Zimbabwe has threatened to close 9,000 foreign owned firms after they ignored a deadline to submit plans on how they intend to release some of their shareholding to locals.
President Robert Mugabe’s government wants the foreign owned companies with a value of over $500,000 to transfer 51 per cent of their shareholding to locals.
The tough regulations which were initially introduced in March were reviewed last month after causing a split in the unity government.
But despite the changes to the legislation that allow for exemptions to be made on companies who do considerable community service, the government has done little to re-assure sceptical investors.
The Zimbabwe Stock Exchange (ZSE), which was consistently among the top performing bourses in Africa at the height of the country’s economic problems has lost about US$1 billion in revenue since March.
State media reports indicated that only 480 out of a provisional list of 9,577 companies had submitted proposals on how they intend to empower locals.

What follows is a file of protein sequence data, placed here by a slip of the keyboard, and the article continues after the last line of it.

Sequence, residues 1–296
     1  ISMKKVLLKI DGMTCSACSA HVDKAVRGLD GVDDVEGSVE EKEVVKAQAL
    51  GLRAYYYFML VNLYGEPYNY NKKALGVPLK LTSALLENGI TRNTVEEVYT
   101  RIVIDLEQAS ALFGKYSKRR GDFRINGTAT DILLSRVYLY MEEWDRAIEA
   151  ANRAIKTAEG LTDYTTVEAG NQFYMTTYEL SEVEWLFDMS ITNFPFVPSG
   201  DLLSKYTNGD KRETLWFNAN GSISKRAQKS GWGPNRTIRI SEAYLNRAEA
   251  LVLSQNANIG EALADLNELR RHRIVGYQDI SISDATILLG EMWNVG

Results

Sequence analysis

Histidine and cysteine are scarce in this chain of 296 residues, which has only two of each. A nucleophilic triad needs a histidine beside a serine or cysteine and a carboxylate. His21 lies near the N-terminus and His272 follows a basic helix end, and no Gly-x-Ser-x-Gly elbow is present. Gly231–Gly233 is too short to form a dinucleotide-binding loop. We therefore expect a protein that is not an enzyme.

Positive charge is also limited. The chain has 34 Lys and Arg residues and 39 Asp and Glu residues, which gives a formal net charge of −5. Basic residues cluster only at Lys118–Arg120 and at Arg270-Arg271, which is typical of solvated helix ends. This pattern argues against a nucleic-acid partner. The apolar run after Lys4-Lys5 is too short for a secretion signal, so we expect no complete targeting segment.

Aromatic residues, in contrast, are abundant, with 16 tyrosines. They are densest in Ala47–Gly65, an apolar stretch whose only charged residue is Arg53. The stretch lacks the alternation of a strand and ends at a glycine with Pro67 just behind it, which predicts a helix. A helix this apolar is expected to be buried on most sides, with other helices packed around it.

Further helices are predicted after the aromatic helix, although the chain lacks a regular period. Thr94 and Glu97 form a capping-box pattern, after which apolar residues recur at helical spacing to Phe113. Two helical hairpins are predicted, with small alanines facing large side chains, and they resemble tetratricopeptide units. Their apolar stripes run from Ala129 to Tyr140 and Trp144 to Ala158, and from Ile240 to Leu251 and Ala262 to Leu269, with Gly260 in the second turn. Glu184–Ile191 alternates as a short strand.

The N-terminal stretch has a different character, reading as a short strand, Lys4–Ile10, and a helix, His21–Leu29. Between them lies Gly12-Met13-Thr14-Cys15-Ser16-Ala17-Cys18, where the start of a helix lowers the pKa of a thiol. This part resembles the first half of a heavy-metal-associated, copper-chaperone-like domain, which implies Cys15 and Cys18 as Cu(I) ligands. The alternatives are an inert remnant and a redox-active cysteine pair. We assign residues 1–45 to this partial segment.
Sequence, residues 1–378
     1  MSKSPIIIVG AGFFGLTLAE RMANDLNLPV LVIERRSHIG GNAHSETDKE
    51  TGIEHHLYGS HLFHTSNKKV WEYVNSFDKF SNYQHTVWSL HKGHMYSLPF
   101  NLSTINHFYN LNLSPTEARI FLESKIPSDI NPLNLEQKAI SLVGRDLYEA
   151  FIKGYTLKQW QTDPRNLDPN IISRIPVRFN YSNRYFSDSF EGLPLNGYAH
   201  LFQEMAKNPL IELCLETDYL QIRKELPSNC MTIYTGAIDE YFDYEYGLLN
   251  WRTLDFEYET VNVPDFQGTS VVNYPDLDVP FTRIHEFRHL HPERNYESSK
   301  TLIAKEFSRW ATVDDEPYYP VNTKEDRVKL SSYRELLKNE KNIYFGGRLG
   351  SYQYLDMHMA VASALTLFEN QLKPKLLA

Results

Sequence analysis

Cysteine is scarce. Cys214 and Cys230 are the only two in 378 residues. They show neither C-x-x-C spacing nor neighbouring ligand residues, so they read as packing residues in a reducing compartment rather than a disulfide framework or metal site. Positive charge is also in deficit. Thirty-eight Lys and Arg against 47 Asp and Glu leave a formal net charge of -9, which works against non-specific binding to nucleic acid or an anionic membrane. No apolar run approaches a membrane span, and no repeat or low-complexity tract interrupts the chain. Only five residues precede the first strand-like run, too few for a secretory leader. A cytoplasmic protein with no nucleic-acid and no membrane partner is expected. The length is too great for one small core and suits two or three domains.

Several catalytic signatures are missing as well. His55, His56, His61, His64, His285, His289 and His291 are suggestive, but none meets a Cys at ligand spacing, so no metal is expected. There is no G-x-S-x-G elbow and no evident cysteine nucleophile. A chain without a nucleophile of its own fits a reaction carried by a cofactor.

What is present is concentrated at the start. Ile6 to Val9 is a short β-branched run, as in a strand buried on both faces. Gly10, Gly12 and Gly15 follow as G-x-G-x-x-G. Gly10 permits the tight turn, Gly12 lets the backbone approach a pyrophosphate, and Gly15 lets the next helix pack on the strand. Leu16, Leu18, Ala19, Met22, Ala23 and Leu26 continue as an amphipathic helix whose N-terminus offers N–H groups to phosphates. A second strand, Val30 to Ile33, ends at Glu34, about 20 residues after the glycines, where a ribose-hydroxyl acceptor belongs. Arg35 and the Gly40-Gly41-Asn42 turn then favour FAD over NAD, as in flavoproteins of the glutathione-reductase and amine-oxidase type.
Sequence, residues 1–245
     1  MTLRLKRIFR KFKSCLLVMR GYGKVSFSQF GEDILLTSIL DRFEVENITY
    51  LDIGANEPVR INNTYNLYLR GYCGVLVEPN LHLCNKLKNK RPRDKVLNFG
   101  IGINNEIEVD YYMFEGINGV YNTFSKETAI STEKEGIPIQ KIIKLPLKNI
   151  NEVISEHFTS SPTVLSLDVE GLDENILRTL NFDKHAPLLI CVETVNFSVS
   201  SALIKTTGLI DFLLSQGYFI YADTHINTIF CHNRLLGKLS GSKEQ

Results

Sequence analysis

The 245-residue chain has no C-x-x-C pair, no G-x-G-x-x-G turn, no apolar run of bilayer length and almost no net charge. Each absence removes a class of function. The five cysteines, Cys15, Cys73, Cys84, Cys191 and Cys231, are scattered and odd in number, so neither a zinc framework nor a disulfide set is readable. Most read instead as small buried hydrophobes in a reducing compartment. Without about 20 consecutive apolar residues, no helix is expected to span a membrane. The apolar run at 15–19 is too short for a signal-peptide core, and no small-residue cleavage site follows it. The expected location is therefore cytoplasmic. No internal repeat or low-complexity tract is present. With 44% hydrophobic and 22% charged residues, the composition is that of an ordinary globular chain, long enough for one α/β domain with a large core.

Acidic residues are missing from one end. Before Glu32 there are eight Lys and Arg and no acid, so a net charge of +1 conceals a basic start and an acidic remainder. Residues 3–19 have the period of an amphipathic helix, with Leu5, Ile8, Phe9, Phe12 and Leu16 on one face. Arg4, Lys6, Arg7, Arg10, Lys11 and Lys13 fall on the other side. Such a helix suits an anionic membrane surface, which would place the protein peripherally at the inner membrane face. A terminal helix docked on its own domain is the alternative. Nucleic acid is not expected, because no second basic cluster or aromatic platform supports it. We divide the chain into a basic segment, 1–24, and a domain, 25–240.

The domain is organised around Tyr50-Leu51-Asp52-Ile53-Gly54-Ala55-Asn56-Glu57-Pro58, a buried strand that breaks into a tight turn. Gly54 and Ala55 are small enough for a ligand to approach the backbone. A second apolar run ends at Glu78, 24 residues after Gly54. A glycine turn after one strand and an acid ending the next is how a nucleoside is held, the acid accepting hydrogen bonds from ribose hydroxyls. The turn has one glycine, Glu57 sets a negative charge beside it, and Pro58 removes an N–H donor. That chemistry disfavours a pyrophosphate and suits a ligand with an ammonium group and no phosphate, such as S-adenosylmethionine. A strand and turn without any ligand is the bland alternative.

Youth Development, Indigenisation and Economic Empowerment Minister Savious Kasukuwere said the companies that continued to defy the law would be closed down.
“If the companies do not comply, we will take legal action,” he told The Sunday Mail newspaper. “Currently we are in the process of sending forms to companies to comply within 30 days.
“If they don’t comply within 30 days, we will cancel their licenses, if they are in trading.
“They will also appear before the courts.”
He said the majority of the companies in the mining industry had not complied with the regulations.
The regulations have also been blamed for the slow pace of the country’s economic recovery with Finance Minister Tendai Biti being forced to revise the projected economic growth from seven percent to 5,4 per cent this year.
The southern African country is just emerging from a decade of economic decline blamed on President Mugabe’s policies that included the seizure of white owned farms that started in 2000.